There have been phases in India’s inflation trajectory where the data improved for several months but only to reverse for a variety of reasons.

Consequently, it is important to avoid rushing into monetary easing.

This finally became clear in the August monetary-policy statement that pretty much threw cold water over expectations of interest-rate cuts in the near term.

The changes to the broader regulatory framework, dealing with the toxins in the banking system, and boosting activity in the local corporate-bond market are all works in progress.

The battle lines are already drawn with respect to some of the recommendations of the B N Srikrishna committee on financial sector regulation -- the normally measured governor labelled some of the recommendations as 'schizophrenic'.

In my humble opinion, there are two areas where fine-tuning of the RBI’s monetary-policy guidance is worth exploring.

First, the combination of guidance in the monetary-policy statement and the supportive verbal comments needs to improve.

There is no flawless cookie-cutter approach, and the most seasoned and credible central banks occasionally trip.

Governor Rajan managed to raise interest rates three times, but his effective flavour was to emphasise a neutral bias.

This was perhaps done only to prevent excessive worries about monetary tightening.

Frankly, it is hard to imagine that the central bank had not made up its mind that there had to be more than one interest-rate increase.

Perhaps it chose to not communicate this for tactical reasons, in order to achieve a different objective.

Then, relative to market expectation -- though a handful of analysts had a different take -- the June monetary guidance was misinterpreted as being dovish, while the August one was misinterpreted as being hawkish.

Perhaps that is forgivable.

But less forgivable is the central bank’s own oversight, in that it did not correct the common misinterpretation of its June guidance.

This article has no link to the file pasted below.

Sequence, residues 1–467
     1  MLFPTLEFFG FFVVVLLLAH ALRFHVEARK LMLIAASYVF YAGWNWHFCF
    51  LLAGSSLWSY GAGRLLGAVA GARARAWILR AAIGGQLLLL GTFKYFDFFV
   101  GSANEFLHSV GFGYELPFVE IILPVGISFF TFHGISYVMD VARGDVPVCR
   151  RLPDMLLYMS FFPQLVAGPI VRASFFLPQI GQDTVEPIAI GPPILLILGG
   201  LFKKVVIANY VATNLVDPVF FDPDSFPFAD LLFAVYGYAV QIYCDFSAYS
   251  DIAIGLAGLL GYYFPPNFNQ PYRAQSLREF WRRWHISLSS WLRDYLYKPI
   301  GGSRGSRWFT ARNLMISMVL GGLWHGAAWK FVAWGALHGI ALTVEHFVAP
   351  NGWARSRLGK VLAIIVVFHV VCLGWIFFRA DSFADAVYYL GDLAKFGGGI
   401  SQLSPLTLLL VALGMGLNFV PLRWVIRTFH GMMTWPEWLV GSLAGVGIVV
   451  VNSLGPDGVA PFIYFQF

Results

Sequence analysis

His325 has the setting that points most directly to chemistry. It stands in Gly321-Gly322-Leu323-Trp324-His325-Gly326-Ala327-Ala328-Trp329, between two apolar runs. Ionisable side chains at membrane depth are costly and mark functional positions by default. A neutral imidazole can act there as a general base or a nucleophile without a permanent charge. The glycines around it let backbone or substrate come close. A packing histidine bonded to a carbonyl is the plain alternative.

Second, the increased focus on inflation in January 2016 in last month’s policy statement was unexpected, and amounts to the relevant goalpost.

While the RBI had clearly mentioned the inflation glide path of eight per cent for January 2015 and six per cent for January 2016, there was ambiguity about the weights assigned to each forecast.

Inadvertently perhaps markets were obviously caught wrong-footed when a greater focus, and upside risk, was signalled for the January 2016 inflation forecast despite acknowledging downside risk to the January 2015 forecast.

A better approach would have been to highlight early on the greater importance of the January 2016 inflation forecast, so that knee-jerk reactions could have been avoided.

The greatest disservice to the man whose appointment was perhaps the last government’s most sensible decision is to label him as India’s Paul Volcker.

He isn’t.

Dr Rajan will probably carve out his own impressive legacy, given the local nature of the problems and the acceptable response function.

His party’s margin of victory in the general elections makes Prime Minister Narendra Modi the master of his own destiny.

However, Governor Rajan’s success at the RBI is increasingly subject to the political blessings of, and delivery by, the Modi government.

Rajeev Malik is senior economist at CLSA, Singapore. These views are his own

Rajeev Malik